Once you came back to Sault Ste. Marie, how did you stay on the path you wanted to?
Even if you go to treatment, it doesn’t mean when you come back it’s going to be OK. You just have to learn to teach yourself how to say no. That’s hard. It’s hard to push away people who were your friends who you were using with because you don’t want to have to push them away due to what they’re using, because you know what it’s like.
Now I just try and stay busy. If I keep my mind busy, it keeps me centered and it doesn’t make me go and run to something that’s going to fix my problems. Writing has been really good for me lately, music, meditation, just breathing and centering myself, trying to find nature. That’s helped me.
When you do “fall down," how do you get back up?
I have to deal with the humility. I have to walk in shame, but raise my head because I know I can get through this if I really want to.
Some people in Sault Ste. Marie are upset that their city was the subject of a documentary about the overdose crisis because that isn’t the reality of the Soo for them. But for you, as a person who has struggled with addiction in Sault Ste. Marie, how does that make you feel?
It actually makes me feel pretty crappy because people don’t realize that if we had more help in Sault Ste. Marie that maybe this wouldn’t be such a problem. As a younger person, for me seeing that there’s people of all ages who have to go through this, is sad. It just makes our community look horrible. Maybe if everybody worked together and stopped judging, everything would be perfectly fine.
I’ve noticed some people are coming out of the shadows now in Sault Ste. Marie and are telling their stories of how the overdose crisis has affected them, such as on social media, following the film.
Yeah, it takes one addict to be able to help another, to be able to help another. There’s not just people who are struggling—there’s people who have done it and stayed sober for many years. It didn’t just take them a day, it didn’t just take them a month; it took them years to accomplish.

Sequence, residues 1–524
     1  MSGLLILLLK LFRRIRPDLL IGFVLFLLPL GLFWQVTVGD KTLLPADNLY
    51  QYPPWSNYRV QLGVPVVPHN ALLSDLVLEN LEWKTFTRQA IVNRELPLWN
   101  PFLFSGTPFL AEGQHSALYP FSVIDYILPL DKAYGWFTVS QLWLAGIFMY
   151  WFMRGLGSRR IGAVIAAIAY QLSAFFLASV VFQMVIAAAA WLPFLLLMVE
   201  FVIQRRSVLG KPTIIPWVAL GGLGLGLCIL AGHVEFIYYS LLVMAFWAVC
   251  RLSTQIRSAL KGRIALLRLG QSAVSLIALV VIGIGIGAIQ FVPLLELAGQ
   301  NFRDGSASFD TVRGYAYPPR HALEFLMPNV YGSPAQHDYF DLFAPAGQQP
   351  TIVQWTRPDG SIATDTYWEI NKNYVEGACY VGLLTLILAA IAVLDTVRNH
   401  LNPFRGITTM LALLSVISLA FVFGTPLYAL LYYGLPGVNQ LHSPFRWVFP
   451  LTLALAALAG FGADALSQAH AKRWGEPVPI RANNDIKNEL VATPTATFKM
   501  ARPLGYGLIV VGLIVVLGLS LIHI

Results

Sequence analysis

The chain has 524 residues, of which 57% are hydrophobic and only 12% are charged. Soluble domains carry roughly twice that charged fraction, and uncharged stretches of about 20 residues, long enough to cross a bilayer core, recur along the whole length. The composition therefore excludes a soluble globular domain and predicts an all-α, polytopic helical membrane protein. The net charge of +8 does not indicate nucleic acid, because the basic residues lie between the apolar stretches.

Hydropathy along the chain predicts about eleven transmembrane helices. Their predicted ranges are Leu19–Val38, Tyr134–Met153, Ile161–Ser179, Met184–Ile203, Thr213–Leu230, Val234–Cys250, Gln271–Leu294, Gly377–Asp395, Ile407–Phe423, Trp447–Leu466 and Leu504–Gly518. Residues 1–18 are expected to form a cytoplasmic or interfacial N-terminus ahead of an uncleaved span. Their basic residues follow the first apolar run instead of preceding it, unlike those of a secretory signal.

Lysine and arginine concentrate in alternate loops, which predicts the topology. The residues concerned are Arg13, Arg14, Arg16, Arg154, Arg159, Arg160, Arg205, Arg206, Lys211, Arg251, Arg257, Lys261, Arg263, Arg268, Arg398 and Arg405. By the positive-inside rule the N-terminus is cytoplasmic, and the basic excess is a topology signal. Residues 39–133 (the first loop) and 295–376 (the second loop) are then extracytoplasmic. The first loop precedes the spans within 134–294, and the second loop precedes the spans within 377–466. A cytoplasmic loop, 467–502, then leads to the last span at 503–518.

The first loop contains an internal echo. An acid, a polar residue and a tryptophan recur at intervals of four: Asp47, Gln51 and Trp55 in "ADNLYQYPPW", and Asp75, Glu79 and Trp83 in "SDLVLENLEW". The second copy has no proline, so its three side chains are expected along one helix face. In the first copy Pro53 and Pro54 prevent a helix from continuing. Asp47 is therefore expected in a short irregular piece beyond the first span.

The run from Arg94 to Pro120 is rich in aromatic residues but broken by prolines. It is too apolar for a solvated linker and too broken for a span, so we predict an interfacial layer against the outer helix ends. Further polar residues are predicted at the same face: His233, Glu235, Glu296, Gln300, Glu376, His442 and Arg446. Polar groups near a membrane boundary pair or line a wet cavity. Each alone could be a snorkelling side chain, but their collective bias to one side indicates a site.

If you could say something to people who are still judging and don’t think this is really a reality in their community, what would you say to them from your own experiences?
I would say take a step back and look at the bigger picture. It’s not to be rude or anything. This community is small. Everybody knows everybody... As an addict, I find that no one should be judging other people except for themselves.
I just feel like if this can help people everywhere, including the Soo and other addicts, it would be awesome. I’m not the perfect person, I’m still struggling—but to be able to talk to people and get myself out there and not isolate myself, it’s something better… I just want to get across to everybody that we all struggle in life; to get back up, breathe, and be able to find people who want to help you can actually get you somewhere. My parents have helped me, detox helped me—but it’s to be able to accept that help.
This interview has been edited for length and clarity.
To learn about how to prevent, identify, and respond to an opioid overdose, click here. There is a law in Canada that offers some protections for people who report and/or seek medical help for overdoses— read about it here.